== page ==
I spent last week from Tuesday on out in Joshua Tree, a couple of hours from my home in L.A., but don’t ask me what I did. I walked, snacked, read, napped, went into town to check my email, looked out the window, reflected, prayed, went to Mass, looked out the window. That doesn’t seem like much and maybe it wasn’t (though re the latter, I was thrilled to discover recently that filmmaker Robert Bresson spoke of  “the ejaculatory force of the eye”).

But my brain was so overloaded from working very intently, and my body was so overloaded from…living in a huge city and being me, and my psyche was so overloaded with Lent and the buildup to the Passion, that even so, my days and nights seemed full to bursting.

“Liminal space refers to times when we experience change and transition in our lives. (In fact, Catholic Priest Richard Rohr suggests…that all meaningful transformation happens in liminal space.) It’s often a time in our lives where the old way we have been functioning seems to no longer “fit”, but we haven’t yet discovered or figured out the new way—at least not completely. We may experience times of liminal space with regard to our job (also called our vocation, which may or may not be the same as our calling), our personal relationships, or even as we wrestle with bigger issues like our beliefs about the nature of God in general.” (from

16 Replies to “MY WEEK IN JOSHUA TREE”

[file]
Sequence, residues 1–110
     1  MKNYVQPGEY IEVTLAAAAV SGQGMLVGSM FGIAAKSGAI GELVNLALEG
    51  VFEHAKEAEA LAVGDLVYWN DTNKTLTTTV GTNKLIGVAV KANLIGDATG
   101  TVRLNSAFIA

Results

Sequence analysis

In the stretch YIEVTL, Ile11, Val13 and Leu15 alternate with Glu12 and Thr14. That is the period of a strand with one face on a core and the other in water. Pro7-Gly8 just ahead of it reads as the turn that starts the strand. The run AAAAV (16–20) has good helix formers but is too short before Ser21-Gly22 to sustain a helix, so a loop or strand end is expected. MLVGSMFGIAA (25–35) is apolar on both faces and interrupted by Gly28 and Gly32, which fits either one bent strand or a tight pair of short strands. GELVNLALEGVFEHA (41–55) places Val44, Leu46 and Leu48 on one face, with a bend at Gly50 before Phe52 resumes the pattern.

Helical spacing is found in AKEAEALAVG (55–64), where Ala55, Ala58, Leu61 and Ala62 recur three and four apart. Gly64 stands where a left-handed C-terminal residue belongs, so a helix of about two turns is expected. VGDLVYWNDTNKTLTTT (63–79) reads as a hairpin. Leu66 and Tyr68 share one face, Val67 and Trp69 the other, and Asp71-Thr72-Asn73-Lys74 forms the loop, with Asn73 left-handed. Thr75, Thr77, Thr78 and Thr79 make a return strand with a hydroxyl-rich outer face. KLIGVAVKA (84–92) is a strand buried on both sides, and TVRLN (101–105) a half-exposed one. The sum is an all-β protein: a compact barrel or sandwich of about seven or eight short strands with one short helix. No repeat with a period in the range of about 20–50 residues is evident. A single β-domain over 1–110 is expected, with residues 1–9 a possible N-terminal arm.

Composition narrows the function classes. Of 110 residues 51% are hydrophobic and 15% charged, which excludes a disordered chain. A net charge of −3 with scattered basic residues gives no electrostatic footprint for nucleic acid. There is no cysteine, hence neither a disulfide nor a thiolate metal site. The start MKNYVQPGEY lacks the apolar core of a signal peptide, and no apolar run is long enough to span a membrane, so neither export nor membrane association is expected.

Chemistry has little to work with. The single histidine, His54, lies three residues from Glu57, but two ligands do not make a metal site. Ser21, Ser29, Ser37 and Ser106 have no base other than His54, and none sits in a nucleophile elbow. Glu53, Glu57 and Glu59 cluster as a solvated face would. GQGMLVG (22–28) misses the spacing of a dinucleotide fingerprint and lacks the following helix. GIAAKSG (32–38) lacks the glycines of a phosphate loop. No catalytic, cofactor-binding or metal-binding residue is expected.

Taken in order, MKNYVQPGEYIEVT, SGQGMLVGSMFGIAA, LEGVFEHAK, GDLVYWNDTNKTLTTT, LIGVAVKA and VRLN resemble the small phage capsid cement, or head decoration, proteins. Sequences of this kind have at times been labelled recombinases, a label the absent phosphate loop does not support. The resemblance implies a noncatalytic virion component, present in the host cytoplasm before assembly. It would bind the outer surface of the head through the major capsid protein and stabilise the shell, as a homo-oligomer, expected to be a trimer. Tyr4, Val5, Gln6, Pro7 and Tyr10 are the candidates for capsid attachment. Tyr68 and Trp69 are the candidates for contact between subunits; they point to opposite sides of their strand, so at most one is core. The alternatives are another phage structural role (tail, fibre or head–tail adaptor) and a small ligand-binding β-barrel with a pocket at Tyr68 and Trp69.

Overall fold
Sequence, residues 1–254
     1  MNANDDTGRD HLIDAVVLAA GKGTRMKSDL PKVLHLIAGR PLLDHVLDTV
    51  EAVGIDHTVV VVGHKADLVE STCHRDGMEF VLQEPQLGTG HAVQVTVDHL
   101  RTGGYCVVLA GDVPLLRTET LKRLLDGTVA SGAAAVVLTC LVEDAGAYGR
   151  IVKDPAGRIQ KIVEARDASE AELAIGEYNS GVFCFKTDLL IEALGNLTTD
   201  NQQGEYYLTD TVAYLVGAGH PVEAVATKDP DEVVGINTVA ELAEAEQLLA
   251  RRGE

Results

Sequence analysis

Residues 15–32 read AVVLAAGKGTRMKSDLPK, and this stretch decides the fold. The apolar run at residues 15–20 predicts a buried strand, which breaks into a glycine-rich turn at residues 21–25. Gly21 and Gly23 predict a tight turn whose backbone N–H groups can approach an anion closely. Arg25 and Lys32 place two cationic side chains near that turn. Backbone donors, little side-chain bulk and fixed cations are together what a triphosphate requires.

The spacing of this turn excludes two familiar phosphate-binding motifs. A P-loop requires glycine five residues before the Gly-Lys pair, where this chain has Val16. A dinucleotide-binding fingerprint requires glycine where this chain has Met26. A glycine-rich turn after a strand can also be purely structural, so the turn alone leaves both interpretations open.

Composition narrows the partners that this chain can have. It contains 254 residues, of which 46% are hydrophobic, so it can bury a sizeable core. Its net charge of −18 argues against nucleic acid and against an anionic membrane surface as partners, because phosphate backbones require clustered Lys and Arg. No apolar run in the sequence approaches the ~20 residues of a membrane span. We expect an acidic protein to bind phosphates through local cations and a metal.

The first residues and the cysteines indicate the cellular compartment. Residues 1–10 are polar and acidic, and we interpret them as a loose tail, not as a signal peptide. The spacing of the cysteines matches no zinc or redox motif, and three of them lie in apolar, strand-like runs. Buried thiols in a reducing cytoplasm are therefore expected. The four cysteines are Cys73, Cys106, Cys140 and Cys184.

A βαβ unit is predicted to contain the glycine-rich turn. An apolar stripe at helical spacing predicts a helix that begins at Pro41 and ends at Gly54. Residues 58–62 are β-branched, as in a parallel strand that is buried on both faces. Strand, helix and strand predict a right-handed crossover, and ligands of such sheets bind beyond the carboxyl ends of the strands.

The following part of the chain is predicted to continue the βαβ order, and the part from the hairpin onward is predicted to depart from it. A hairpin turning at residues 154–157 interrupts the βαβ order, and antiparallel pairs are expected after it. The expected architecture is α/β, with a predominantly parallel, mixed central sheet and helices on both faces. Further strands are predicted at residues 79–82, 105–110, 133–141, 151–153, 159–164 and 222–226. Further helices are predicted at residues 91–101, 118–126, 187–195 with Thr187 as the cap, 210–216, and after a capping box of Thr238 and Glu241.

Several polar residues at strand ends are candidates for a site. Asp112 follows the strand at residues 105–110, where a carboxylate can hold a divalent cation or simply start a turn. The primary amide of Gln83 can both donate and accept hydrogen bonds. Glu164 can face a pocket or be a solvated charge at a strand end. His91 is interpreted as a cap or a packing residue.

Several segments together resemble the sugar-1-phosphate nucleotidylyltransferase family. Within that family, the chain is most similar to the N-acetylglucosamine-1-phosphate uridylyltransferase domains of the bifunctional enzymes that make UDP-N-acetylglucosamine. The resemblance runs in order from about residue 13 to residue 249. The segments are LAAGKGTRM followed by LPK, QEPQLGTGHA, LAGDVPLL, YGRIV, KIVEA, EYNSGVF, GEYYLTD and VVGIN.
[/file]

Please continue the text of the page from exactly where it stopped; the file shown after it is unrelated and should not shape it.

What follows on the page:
1. How about something like — "Finding God in the Ordinary"? It would tie in with your writing, without necessarily promoting it.

  2. Another suggestion is an offshoot of today's post, which spoke to my own struggles of living in liminal space: "Living and Dying in Liminal Space" or "Dying to Live in Liminal Space." For me, a 36+ year lawyer who "reverted" after 40 years wandering in the wilderness, your posts on your struggles are incredibly compelling. I wrestle constantly with the "old self" fighting like hell to survive, and it uses every dysfunctional trick I learned so well in those decades to keep from dying so that I might live in Christ. Your descriptions of how you struggle to "die" on a daily basis so that you, too, might live, must touch others, as well.

  3. How to be a bold witness in your day to day life.

  4. I was reading Rohr on liminal space last night and was surprised when I found your post. This connect may only be for me, but I'll copy the quote below as connection and affirmation.

    Also, would pictures with your talk be possible and something to consider? I enjoy your own personal photos as well as the art photos you include with your posts.

    Living on the Edge
    By Richard Rohr on 11-06-2008
    The edge of things is a liminal space. The edge is a holy place, or as the Celts called it, "a thin place" and you have to be taught how to live there. To take your position on the spiritual edge of things is to learn how to move safely in and out, back and forth, across and return. It is a prophetic position, not a rebellious or antisocial one. When you live on the edge of anything with respect and honor, you are in a very auspicious position…. To live on the edge of the inside is different than being an insider. Yes, you have learned the rules and you understand and honor the system as far as it goes, but you do not need to protect it, defend it, or promote it. [You can] love both the inside and the outside…and know how to move between these two loves.

    Source: Radical Grace, Vol. 19, No. 2, the Center for Action and Contemplation

  5. Anonymous says: Reply

    The last time I was there I was with a lifelong friend who has since passed away.

    Good post to read today–on a couple of levels.

  6. Anonymous says: Reply

    The subtitle to "Redeemed" or if you really want to stir things up: Heather King: Avoiding both the Catholic left and the Catholic right.